10. In general, I would never carry gear on my harness loops if I were carrying a pack larger than a super-small (class 5) summit pack. My regular alpine summit pack (37liters) has a padded waist belt, so I choose to "rack" my gear from a runner looped diagonal around my neck and over one shoulder. I find that in a situation such as a crevasse fall/rescue, it can be very awkward to unclip gear from a harness.
  11. Climbing and leading for 15 years. I use the SMC "half-tube" snow stakes. I take enough to handle the entire stake-out, and do not rely on finding convenient rock, or logs at the bivy site. I do not bury my trekking poles or use snow pickets. (How can you go to the summit and leave your pickets behind?) Tech Tip: each snow stake has its own attached cord to use for girth hitching to the tent attachment points. I use ~2mm accessory cord. 30" length, threaded thru the two middle holes of the stake and tied into a loop with a double fisherman knot. This makes the stake easy to attach, easy to bury deep. Wind can come up when you are enroute to the summit, so it is prudent to stake your tent very securely.
  12. Your hard shell will be worn when you are climbing in the COLD, and also when you are cooking a meal and the wind chill is at ZERO DEGREES. As others have mentioned, your shell should fit easily over ALL of your insulation layers. For me, my layers in winter may include my DAS sythetic parka, a well as my polarguar vest. This means my shell fits loose when I am actually climbing. As I sweat a lot, I often climb in wearing my soft shell jacket, but I have never had a problem with the "loose" fit of my shell.
  13. Winterize your GU! A few ounces of GU is a lifesaver when the temp is so cold you can't bear to choke down a bagel, or even take off your gloves. I make homemade "GU" with a blend of brown rice syrup and agave nectar. For winter use I add about 15% vodka so that even at 20degrees, the GU will flow thru the snap-top of the 4oz plastic squeeze flask.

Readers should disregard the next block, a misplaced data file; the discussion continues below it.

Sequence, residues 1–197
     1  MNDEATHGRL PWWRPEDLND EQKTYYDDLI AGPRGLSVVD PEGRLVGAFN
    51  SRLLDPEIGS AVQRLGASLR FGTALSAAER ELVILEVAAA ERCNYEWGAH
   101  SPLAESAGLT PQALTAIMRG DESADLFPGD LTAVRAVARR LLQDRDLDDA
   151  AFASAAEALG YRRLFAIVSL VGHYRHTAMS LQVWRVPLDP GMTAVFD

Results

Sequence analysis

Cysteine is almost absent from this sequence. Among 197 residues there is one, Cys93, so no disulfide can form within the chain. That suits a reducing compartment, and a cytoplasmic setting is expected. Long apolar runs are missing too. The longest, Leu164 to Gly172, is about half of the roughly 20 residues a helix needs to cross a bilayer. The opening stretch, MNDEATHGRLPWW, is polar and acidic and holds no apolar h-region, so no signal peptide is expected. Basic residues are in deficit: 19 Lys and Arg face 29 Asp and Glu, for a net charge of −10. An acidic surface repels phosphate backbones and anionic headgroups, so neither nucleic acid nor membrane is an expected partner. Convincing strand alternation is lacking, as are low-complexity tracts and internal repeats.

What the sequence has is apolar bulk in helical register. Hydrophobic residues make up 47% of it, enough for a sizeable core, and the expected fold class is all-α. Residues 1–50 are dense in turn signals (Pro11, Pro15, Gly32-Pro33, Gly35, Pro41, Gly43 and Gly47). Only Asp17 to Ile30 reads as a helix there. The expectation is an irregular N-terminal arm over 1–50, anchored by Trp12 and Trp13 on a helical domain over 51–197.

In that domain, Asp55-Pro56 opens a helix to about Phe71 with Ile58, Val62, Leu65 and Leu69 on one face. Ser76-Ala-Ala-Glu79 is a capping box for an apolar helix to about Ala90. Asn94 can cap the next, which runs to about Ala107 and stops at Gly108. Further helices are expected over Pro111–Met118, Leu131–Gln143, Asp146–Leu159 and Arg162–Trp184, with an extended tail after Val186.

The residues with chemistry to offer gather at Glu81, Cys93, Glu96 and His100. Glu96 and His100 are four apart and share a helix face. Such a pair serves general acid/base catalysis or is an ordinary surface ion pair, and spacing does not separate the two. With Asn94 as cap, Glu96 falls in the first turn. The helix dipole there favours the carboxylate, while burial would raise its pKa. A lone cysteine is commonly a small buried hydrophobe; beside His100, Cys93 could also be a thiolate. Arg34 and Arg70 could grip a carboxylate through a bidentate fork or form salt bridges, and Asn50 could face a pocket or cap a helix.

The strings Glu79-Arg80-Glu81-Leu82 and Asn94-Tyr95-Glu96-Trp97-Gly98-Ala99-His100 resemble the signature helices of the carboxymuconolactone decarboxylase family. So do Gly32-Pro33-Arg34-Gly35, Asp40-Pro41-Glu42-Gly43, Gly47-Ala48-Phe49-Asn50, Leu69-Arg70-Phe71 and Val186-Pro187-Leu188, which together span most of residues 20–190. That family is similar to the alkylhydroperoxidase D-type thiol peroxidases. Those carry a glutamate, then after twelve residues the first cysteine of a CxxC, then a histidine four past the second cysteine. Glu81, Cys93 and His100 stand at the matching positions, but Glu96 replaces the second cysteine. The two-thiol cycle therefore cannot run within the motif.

14. In an emergency you may need to dig a small snow cave or trench shelter. In the Northwest our snow pack is OFTEN very hard, with icy layers. In my experience teaching snow cave classes for many years, anything less than a metal shovel is quite likely to be insufficient to move the snow. This means that the "lightweight" plastic snow shovel is also not able to handle icy layers. When you are compelled to bivy above the treeline, it is dark, 20degrees, wind 30mph, you will rely on safety equipment which is effective. These ultra-lightweight options may be effective in Rocky Mountain powder, but around here they are most often useless.
  15. I own both stoves. I purchased the REACTOR for two reasons: 1. greater wind resistance which can be VERY important when cooking high above treeline, and 2. the larger capacity is necessary for efficient snow-melting. I actually use the Reactor on only two or three climbs per year (for melting snow). Melting snow for a party of TWO could be very time consuming using the SOL, especially if windy. If, like me, you need to melt snow only a few time per year, I would suggest you get the SOL plus a good windscreen, and have your climbing partner bring his own stove setup if snow melting will be required.